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Brexit: leave voters relatively unfazed by currency collapse

07/01/2016 01:25 pm ET | Updated Jul 01, 2016

New polling after the British referendum shows that it's not the leave voters who regret their choice - it's those who stayed home. Despite media declarations of widespread regret from leave voters, only 5 percent would vote to remain if another referendum was held. Non-voters, however, do seem to regret their decision: 37 percent say they would vote to remain if given another chance.

The economic turmoil following the vote did very little to persuade leave voters to change their mind. While the economic expectations of remain voters have dropped like the British Pound to the U.S. Dollar, leave voters live in a different economic reality. Our polling shows them becoming increasingly optimistic in their economic outlook as Brexit went from possibility to reality.

We have been tracking the British public's expectations of the vote's impact on the economic future of Britain and their families. We specifically conducted polling two weeks and one week prior to the vote on the British exit from the European Union (i.e., Brexit), and one week after the vote. The polling was conducted with the mobile polling application Pollfish over three time periods: June 7, June 16, and June 28. The election, where British voters chose to leave the E.U. by a margin of 52 percent to 48 percent, occurred on June 23. On PredictWise, which aggregates polls and betting markets, the probability of Brexit was 25 percent on June 7 and 37 percent on June 16.

Figure1

Figure 1: Expectations of London Stock exchange two weeks before and one week after Brexit

The first figure shows British respondents' stock market expectations, broken down by their referendum preference (voters who were unsure before the election are grouped with non-voters after the election). The three groups all start with similar expectations, but these diverge as the probability of Brexit increases. On June 7, all three are about evenly split on whether the market will go up (left pane) or go down (right pane), with the remain voters being a little more concerned. But, by June 16, with Brexit about 12 percentage points more likely to occur, the remain voters became much more likely to think the market would go down, with leave and unsure voters looking very similar. After the election, both remain voters and non-voters are very concerned about the market going down, while leave voters are more bullish than ever. The concern of the remain voters that the market will go down is much larger than the belief of the leave voters that the market will go up.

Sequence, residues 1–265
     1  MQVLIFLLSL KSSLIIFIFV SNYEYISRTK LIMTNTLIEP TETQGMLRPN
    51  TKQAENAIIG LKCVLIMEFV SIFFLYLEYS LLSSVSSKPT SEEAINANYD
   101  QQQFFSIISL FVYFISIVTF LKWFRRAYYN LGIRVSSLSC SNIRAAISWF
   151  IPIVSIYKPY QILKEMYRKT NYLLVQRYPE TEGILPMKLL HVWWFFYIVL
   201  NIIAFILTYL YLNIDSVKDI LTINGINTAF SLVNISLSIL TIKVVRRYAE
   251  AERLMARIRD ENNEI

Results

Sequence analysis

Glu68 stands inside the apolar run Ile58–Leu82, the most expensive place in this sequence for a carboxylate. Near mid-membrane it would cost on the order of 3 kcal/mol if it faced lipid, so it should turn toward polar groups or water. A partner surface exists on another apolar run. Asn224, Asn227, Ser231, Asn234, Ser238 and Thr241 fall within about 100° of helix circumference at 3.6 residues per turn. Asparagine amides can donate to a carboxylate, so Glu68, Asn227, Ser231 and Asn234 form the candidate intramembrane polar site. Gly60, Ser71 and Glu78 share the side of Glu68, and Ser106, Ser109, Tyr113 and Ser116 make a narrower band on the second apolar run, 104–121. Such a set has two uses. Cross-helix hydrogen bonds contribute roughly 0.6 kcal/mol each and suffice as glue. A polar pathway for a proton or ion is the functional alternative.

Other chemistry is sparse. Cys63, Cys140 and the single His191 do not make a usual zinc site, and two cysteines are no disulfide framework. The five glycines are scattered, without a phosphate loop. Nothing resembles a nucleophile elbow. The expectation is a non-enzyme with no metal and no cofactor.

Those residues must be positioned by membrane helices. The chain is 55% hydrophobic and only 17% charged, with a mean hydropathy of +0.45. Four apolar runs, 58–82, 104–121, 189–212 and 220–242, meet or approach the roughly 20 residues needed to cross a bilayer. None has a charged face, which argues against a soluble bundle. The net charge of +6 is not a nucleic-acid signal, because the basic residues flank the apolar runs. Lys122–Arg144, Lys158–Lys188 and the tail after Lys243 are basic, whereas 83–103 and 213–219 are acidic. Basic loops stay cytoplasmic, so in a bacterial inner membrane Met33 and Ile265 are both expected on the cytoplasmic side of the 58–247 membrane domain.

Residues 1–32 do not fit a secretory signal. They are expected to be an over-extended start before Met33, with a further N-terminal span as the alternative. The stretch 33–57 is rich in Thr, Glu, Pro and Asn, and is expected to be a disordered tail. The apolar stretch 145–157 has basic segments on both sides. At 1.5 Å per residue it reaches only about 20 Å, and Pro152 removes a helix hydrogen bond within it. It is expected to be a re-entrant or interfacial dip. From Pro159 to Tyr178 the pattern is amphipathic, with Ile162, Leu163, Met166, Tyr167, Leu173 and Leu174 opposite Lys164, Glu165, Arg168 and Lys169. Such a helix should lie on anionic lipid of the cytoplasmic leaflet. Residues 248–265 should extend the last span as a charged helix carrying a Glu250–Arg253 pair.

Figure2

Figure 2: Expectation of family income two weeks before and one week after Brexit

Brits' expectations of their family's financial wellbeing show similar patterns to those for the stock market, but more muted. This is important in that Brits of all persuasions are convinced that the economic turmoil at a national level will not affect them as harshly on a personal level.

Figure3

Figure 3: Cross-tabs of voting before and after Brexit

In our June 28 poll we also asked how respondents would vote in a hypothetical second referendum. We saw small but meaningful post-election changes in attitude toward remain. Remain voters are steadfast: 94 percent would vote to remain again. Leave voters are a little wobblier: 5 percent would now vote to remain while 11 percent are unsure. The biggest moves were among the British who did not vote, who are now much more likely to support remain than leave. As a result, remain is up 8 points in our hypothetical second referendum.

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Figure 4: June 7 and June 16 ask about the upcoming June 23 referendum, while June 28 asks about a hypothetical referendum at some future date.

We are confident our polling is generally accurate. First, our final pre-election poll had leave up 2 points, consistent with other polls in the final week and with the eventual result. Second, our estimate of financial expectations is subject to less measurement error than all of the other polls in the field. We ask about expectations first, then talk about the Brexit at the end. This avoids priming our respondents that this is a political, rather than financial, poll.

Follow the latest predictions in real-time on PredictWise. This article was written jointly with my graduate student Sam Corbett-Davies of Stanford.

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